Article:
Tai Chi History
The first generation of Wu's taichichuan started from Chuan Yuo (1832-1902), a Manchurian who learned taichichuan from Yang Lu-chan, a well-known martial arts master teaching in the Royal army of the Qing dynasty. Among Yang's students the following three were most studious and attained the essence of his skill: they were Wan Chun, Lin San and Chuan Yuo. It was said that each of them acquired a characteristic skill from their teacher, one energetic, one offensive, and the last neutralizing, and were compared to muscle, bone and skin respectively. As suggested by Yang, Chuan Yuo became the disciple of Yang's second son Yang Ban-hou, although Chuan Yuo was taught his skills by Yang Lu-chuan himself.
Master Wu Chian-chuan is the son of Chuan Yuo, his surname Wu was transliterated from the pronunciation of his Manchu name. He was disciplined in martial arts by his father when he was very young and took painstaking care to investigate martial arts while growing up. He was the founder of the Wu style taichichuan which is popular today. He was also good at horse-riding and shooting and could hide himself under the saddle of a horse or stand on his head on the back of a horse when it was running fast. In the early stage of the Republic of China, Xi Yui-seng (1879-1945), a follower of the Yang family, established the Athletic Research Institute in Peking and invited Yang Shoa-hoa (1862-1930), Yang Chen-fu (1883-1936) and Wu Chian-chuan to teach taichichuan in the institute.
From then on taichichuan was taught to the public, thus opening up a new era that overthrew the ancient closed-door policy in which taichichuan was taught privately within a limited circle, which established the so called tutor-disciple relationship.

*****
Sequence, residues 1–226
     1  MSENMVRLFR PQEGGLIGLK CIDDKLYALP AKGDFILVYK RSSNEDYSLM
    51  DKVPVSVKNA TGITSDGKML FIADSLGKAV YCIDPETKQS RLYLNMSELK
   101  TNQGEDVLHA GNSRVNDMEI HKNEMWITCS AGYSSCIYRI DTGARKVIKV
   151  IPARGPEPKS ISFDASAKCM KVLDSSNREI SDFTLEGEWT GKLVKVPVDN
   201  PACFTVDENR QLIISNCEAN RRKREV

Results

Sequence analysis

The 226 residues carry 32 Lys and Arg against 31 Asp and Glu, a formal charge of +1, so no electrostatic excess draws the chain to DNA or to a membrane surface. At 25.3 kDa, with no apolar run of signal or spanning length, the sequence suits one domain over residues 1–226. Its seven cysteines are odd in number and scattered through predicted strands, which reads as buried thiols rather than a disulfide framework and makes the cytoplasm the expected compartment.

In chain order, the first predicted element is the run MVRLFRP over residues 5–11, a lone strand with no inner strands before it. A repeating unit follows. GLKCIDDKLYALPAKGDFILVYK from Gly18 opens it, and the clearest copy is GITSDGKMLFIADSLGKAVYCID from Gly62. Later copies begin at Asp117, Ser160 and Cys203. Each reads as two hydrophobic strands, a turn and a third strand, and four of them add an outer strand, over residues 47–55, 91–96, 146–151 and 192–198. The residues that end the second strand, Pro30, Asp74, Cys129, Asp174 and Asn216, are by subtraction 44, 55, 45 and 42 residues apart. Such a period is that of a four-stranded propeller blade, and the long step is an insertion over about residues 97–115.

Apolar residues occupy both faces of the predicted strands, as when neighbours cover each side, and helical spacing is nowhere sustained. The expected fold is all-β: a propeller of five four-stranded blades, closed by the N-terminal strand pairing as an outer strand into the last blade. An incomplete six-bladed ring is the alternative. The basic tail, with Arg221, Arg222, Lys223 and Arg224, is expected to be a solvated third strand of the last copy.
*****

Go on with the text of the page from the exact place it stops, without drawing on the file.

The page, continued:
During his long years of practicing and teaching, Master Wu Chian-chuan revised and enriched the art of taichichuan handed down from his family. In the traditional slow forms, he omitted some of the repetitions, jumping and stamping movements, so as to make the forms more smooth and structured, thus creating one of the main schools of taichichuan, the Wu style, which has been appreciated and enjoyed by vast numbers of students for many years. The fast form on the other hand kept the original jumping and attacking movements to be studied by those people eager for further study and practice.
The forms of Wu style taichichuan are naturally structured and characterised by agility, smoothness and continuity. All movements conform to the theory of mutual promotion of yin and yang.
Wu style tui-shou (pushing hands) requires strictly centred equilibrium of the body, stillness, subtlety and softness in practicing the interweaving variations. In tui-shou with moving steps and dalu (a special procedure of tui-shou with moving steps), alertness and "sticking" to each other are also outstanding characteristics. Lan Cai Hua is the name of a combat exercise reaching the acme of perfection; it is as mightly as the flow of a great river and has such a complex strategy that it can hardly be described in words. Besides these, the Wu style taichichuan has kept many types of weapons such as the double-edged sword, tai chi combating sword, tai chi broadsword, tai chi long spear, twenty four stratagems of tai chi spear, four "piercing" spears and the sticking sticks.
In the year 1928, Master Wu Chian-chuan moved from Peking to teach taichichuan in Shanghai. The Shanghia Taichichuan Association was founded in 1935. In 1939, the members of the Association were given a fund to build the Chian Chuan Hall on the ninth floor of the YMCA building on Tibet Road in Shanghai, a convenient place for learners to practice and study. Meawhile overseas organizations of Wu style taichichuan were also established in Hong Kong, Macao, Singapore, Malaysia, Philippines, Canada and other countries. There are also Wu style taichichuan classes at the United Nations' Club. Master Wu Chian-chuan died in 1942. It was a great loss in the field of martial arts in China. The work of the Association in Shanghai is being continued by Ma Yueh-liang and Wu Ying-hua.
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